Red Cowl has been assassinated in a gruesome scene resembling the murder of JFK, leaving Sol City heartbroken, but none more than his former sidekick. This event however is only the first piece of a complex puzzle comprised of deceit, greed, and depravity. There are suspicious circumstances that surround the death of the former champion, as well as many players in this game who are not ready to let it go.
The story focuses on Barry “Flyboy” Chase, formerly Red Cowl’s sidekick, who managed to do one thing in his life that was awesome, and then started down a twisted spiral of sucking for the rest of time. No, really, there is a lot of evidence to support this. I’m not just picking on him, and just in case the audience isn’t sold on disliking Barry, the next thing he does is blackmail a prostitute into blowing him. There are a few less than savory acts to show how smarmy Barry is, but my favorite scene has to be where he fakes a robbery to look like the responsible party for some legit superhero work, but the cops are too smart for it—talk about an awkward moment. Now that the readers know Flyboy is a pathetic human being, we can get started…
“Don’t do anything stupid, okay, Barry?”
Barry does honestly have a really cool origin, where his parents are killed by a villain known as The Surgeon, and we see that his ability to fly is natural and not augmented by technology. The cool moment is quickly tarnished though by someone who was supposed to be an ally, insinuates that he was Red Cowl’s homosexual toy—think Robin to Batman in all of the slash fiction. The good thing is, the worse it gets for him, the more entertaining it’ll be for the audience. Also, I want to be somewhat spoiler free, but this is a comic where readers shouldn’t take anything at face value, and although many things will go unanswered, some seemingly throw away moments come back in a big way.
The series is twelve issues long and the first half follows what I have said above. There is a shift in the story though; one an attentive reader will see coming. Barry Chase is not a relatable protagonist, and that will be evident when he starts to change and go down a much darker path, guided mostly by a mysterious woman from the shadows who needs to manipulate Barry for the greater good. The upside is that these changes make him a bit less of a loser, and he’s about to prove that. This leads up to an interesting ending. The final battle is a little short, but I love the payoff, and the book doesn’t end abruptly, taking a bit of time to wrap up a couple of big things. There are a few possible loopholes here with logic, and though I love how twisted parts are, it makes me question the character motivations from earlier.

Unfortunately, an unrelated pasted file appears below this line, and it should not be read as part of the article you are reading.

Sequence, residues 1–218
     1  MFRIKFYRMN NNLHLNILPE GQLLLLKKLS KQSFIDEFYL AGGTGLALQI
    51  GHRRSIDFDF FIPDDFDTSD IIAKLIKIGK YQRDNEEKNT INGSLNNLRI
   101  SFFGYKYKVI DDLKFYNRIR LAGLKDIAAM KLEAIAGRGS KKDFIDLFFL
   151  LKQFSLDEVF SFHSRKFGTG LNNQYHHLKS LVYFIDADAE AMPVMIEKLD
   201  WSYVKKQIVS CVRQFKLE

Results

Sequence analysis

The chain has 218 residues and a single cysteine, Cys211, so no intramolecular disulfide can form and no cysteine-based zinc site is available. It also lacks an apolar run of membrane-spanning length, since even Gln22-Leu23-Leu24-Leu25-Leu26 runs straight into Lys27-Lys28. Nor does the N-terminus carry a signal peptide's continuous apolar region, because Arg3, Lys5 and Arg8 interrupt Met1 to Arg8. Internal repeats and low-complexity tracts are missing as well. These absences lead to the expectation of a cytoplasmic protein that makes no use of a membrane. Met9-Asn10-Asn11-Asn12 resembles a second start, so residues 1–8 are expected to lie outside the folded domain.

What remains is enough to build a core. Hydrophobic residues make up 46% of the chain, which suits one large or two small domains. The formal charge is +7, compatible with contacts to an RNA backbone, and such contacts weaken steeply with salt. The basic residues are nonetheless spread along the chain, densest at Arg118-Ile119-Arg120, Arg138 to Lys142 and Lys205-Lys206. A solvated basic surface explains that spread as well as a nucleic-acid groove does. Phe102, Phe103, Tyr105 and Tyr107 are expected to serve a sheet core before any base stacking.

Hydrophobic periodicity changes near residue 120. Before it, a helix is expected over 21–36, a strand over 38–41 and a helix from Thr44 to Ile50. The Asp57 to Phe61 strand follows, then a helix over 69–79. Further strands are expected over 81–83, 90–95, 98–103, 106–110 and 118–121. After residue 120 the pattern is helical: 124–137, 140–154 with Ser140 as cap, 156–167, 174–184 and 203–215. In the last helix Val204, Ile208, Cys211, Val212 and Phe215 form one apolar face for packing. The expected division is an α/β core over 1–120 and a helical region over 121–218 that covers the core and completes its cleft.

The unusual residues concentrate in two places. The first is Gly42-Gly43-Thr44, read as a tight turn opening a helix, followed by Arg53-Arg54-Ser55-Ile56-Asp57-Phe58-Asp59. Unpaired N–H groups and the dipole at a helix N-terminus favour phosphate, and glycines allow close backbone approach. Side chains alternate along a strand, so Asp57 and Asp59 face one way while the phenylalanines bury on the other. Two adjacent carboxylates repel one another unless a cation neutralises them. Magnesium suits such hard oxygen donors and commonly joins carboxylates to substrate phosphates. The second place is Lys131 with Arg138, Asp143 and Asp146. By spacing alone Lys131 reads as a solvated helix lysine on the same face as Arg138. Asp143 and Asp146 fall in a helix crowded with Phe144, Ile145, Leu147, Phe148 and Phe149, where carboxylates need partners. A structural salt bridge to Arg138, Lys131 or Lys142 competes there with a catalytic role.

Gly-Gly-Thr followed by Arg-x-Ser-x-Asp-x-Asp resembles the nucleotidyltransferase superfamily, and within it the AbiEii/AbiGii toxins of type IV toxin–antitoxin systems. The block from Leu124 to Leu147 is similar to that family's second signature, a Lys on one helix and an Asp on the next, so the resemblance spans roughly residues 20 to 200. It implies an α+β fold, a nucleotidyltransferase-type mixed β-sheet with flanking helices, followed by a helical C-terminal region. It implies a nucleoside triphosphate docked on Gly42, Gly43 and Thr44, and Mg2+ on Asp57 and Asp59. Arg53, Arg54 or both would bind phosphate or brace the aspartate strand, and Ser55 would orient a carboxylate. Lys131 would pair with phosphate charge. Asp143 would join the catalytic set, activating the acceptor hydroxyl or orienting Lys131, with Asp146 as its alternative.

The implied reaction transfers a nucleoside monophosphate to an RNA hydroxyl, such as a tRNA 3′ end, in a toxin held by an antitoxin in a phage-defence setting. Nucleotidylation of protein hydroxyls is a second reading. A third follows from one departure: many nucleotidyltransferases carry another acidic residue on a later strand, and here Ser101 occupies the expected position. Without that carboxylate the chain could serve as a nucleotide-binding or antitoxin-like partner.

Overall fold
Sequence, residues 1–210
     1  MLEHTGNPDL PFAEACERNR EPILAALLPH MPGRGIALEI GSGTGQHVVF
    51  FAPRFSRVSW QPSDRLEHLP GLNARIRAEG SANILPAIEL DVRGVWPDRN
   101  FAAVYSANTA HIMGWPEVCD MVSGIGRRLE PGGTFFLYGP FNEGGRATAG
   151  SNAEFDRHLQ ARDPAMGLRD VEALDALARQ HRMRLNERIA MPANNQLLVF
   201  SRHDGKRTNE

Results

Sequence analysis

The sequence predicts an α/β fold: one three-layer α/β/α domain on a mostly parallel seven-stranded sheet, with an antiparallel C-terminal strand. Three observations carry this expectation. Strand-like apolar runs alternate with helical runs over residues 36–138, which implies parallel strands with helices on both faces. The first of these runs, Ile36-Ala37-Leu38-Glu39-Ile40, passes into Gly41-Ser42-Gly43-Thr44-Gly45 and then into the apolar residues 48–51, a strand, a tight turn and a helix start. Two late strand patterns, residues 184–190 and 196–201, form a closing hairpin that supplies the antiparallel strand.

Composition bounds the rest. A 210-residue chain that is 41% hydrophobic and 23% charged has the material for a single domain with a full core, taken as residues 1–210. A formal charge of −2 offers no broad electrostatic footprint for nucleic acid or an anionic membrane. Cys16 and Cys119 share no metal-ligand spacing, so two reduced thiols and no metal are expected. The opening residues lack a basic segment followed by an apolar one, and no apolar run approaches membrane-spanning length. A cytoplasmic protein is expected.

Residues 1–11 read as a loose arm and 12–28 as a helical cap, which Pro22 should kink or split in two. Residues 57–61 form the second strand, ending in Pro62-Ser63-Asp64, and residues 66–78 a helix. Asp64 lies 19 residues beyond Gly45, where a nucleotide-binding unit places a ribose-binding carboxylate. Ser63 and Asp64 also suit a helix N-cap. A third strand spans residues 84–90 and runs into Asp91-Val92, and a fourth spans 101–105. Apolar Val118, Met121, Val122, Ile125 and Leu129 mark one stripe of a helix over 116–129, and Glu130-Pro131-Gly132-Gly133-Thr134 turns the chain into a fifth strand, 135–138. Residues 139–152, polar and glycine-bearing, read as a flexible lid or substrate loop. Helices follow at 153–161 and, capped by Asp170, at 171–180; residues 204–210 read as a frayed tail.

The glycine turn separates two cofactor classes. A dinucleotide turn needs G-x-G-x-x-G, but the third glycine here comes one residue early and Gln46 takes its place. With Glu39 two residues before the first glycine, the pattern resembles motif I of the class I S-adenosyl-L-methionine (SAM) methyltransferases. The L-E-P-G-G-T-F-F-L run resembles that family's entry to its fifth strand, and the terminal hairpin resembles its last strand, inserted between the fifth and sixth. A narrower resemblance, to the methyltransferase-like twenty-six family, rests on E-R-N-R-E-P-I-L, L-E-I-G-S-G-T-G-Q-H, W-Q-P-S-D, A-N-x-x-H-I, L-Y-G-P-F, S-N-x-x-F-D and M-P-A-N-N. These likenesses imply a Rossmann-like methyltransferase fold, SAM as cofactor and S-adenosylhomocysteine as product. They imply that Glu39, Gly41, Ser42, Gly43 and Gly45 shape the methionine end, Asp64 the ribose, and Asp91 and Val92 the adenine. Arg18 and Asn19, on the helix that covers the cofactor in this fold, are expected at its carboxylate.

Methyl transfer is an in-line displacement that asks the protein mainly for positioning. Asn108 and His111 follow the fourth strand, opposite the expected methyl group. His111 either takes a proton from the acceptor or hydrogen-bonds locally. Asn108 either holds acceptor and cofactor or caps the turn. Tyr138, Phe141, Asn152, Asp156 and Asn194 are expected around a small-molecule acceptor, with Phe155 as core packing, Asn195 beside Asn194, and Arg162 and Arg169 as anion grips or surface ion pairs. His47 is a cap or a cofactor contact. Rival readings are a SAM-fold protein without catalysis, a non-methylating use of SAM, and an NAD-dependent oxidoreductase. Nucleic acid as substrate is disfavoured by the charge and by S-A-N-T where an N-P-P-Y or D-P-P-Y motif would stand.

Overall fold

Much like Flyboy tried to fill some big shoes when Red Cowl died, this book had a lot to live up to with how cool the concept and setup hooked me. The opening issue was the best overall, with the first trade of six issues being better than the back half, but I enjoyed the series as a whole for sure. The other comic that sticks out is A Moment of Silence (#9). It has no character dialogue at all and tackles a small point of the overall plot, but tries to add more characterization to it, while doing some neat things visually. There are a few missed opportunities here I am afraid, as other sections feel breezed through. This brings me to the art by Tom Mandrake. The pages are dark, bold lines, and I love the colors done by HiFi, using typical superhero comic styled figures as well as city backdrops. Nudity occurs often in the book, obscured by shadow, hiding the naughty bits. These elements come together in a certain mood and seems thrive on certain pages, while others are plain. The only problem I had with it was that certain faces started to blend together and were hard to tell apart, while some expressions, like those of The Surgeon, are just impressive.
This is not a normal superhero comic, not a happy or positive one—depressing really. There are some dark and dreary moments for sure, but the themes of manipulation, dependency, and revenge keep the tone uneasy. I thought the ending might adjust this a bit, but that was not to be. There are no likeable characters, even if there are a few cool ones, and I did really enjoy how they handle superhero origins here, with a lot of ideas I have been thinking about for years popping up. There is a dark sense of humor of course—especially when the dialogue really comes together in the second volume—but much of it is morbid and a little on the nose. My favorite is the final stage in finding Red Cowl, which had me laughing and then almost feeling bad about it.
Needless to say, this is a comic for readers who like the darker comedy side of the independent books. I couldn’t recommend this for someone who isn’t into that style or who was not well versed in the genre this book twists. I do love J. Michael Straczynski’s work though, and if anyone reads Sidekick and likes it, he has plenty of other stuff out there and more from his Joe’s Comics line.